Ellen Foster's story is one of movement, from alienation and loneliness to acceptance and belonging. Ellen herself effects this major change by force of her own will. Realizing her own family "is and always has been crumbly old brick," not meant to stick together, she targets a "foster" family that looks nice and decides to belong to them. She saves her money and on Christmas Day appears on the foster family's doorstep, ready to present $160 to her new mama and secure a place in the family. Ellen does this because she is so lonely and always wanted a nice home where people took care of each other.
In the beginning of the novel, Ellen's mother was very sick and her father was never home to take care of both of them. Ellen's father is always out drinking his life away and doesn't care about Ellen or her mother. Ellen is the one always by her mother's side and tries to help her every way she can. But once her mother dies, Ellen is practically on her own. After her mother dies, her father doesn't even worry about Ellen and what she does or where she is. Ellen has to go through a long time of loneliness without her mother and father and no one else in her family is willing to look out for her or to care for her.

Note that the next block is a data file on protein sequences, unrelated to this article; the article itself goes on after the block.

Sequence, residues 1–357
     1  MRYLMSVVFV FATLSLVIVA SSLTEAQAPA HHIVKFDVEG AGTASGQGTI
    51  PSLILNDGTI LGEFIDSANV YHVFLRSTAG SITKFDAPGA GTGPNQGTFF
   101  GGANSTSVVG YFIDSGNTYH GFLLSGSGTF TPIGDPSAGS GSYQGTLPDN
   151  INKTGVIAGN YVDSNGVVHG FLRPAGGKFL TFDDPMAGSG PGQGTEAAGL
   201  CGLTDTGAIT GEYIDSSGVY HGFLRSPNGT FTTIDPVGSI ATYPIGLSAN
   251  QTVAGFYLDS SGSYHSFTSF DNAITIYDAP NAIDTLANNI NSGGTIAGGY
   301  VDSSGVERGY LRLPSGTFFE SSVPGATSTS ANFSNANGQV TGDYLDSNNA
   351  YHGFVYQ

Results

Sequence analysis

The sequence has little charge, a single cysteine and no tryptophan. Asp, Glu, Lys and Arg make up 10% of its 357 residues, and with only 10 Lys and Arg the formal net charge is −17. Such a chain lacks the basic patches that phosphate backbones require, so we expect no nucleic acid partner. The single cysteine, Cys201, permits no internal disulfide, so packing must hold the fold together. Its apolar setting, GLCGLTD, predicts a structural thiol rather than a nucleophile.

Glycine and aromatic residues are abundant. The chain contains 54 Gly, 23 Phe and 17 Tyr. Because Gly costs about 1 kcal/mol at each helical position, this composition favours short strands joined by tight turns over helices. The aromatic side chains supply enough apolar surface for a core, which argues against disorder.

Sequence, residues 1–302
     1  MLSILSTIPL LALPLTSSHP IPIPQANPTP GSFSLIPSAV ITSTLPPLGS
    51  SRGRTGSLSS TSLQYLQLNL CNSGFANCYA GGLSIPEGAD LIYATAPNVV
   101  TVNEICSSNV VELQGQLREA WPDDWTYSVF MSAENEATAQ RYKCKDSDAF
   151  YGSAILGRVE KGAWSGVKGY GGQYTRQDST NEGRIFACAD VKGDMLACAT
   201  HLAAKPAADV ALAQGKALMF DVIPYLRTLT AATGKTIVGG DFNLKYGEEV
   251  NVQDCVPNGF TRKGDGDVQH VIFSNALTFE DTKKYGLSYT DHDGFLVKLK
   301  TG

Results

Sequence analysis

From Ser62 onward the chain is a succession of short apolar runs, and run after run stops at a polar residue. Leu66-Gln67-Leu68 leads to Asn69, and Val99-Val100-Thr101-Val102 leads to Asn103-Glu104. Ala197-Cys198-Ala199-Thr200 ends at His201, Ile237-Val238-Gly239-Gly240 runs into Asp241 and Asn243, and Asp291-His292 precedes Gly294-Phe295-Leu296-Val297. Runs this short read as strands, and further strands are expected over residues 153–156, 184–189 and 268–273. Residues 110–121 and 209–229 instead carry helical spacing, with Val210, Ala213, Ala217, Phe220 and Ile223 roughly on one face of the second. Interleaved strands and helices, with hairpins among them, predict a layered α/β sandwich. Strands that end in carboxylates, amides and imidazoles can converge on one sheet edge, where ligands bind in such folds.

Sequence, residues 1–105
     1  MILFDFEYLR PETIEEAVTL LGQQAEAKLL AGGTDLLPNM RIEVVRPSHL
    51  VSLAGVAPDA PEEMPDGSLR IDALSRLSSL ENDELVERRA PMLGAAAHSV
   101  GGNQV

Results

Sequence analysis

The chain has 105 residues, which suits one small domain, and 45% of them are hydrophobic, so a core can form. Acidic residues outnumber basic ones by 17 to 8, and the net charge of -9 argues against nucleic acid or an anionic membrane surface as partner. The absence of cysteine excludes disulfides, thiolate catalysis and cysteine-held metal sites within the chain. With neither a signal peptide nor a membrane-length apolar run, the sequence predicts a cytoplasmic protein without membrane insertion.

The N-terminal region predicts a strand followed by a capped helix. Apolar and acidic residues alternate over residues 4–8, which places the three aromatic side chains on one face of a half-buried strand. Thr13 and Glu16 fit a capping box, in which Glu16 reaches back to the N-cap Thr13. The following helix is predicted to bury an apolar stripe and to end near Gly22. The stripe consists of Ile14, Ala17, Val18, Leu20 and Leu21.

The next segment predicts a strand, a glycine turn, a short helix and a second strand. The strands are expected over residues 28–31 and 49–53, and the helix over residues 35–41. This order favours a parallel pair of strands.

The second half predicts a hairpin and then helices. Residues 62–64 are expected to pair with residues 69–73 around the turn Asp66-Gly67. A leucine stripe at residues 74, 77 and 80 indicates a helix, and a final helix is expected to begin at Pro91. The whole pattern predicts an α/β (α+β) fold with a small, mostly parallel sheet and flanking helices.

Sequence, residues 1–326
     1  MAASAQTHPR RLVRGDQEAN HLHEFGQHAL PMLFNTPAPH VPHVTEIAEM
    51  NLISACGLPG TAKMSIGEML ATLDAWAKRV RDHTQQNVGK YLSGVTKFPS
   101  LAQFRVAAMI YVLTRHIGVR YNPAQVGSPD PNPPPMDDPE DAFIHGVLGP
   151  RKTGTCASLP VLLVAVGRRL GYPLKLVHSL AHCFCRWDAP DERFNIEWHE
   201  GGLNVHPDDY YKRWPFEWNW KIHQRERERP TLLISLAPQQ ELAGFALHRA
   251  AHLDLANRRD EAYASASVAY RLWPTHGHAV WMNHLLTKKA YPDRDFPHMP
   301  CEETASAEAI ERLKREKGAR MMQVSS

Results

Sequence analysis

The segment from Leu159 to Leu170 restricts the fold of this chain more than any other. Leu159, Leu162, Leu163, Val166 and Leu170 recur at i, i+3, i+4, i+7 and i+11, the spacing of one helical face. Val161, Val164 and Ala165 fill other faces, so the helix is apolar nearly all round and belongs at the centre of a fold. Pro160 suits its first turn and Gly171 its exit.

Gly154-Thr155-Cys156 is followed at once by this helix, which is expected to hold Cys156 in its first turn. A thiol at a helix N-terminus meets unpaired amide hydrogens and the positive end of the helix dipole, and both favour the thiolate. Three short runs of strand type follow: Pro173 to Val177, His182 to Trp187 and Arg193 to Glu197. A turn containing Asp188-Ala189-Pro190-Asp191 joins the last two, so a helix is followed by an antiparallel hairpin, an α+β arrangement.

Since Ellen doesn't know what a real family is like she goes to spy on her friend Mavis and her family. Since Ellen is so lonely she has to spy on her friend to see what it's like. Ellen has been through a lot of loneliness and does the best she can to take care of herself.
Before Ellen targets the foster family as the one she wants, she is nearly alone in the world — her own mama is dead, her father neglects and abuses her, her aunts and grandmother don't want her, and her only friend, Starletta, is a little black girl who eats dirt and appears not to speak. While Starletta's parents are kind, Ellen is always aware they are "colored" and, in the context of the Southern town where they all live, she is not "supposed to" be friendly...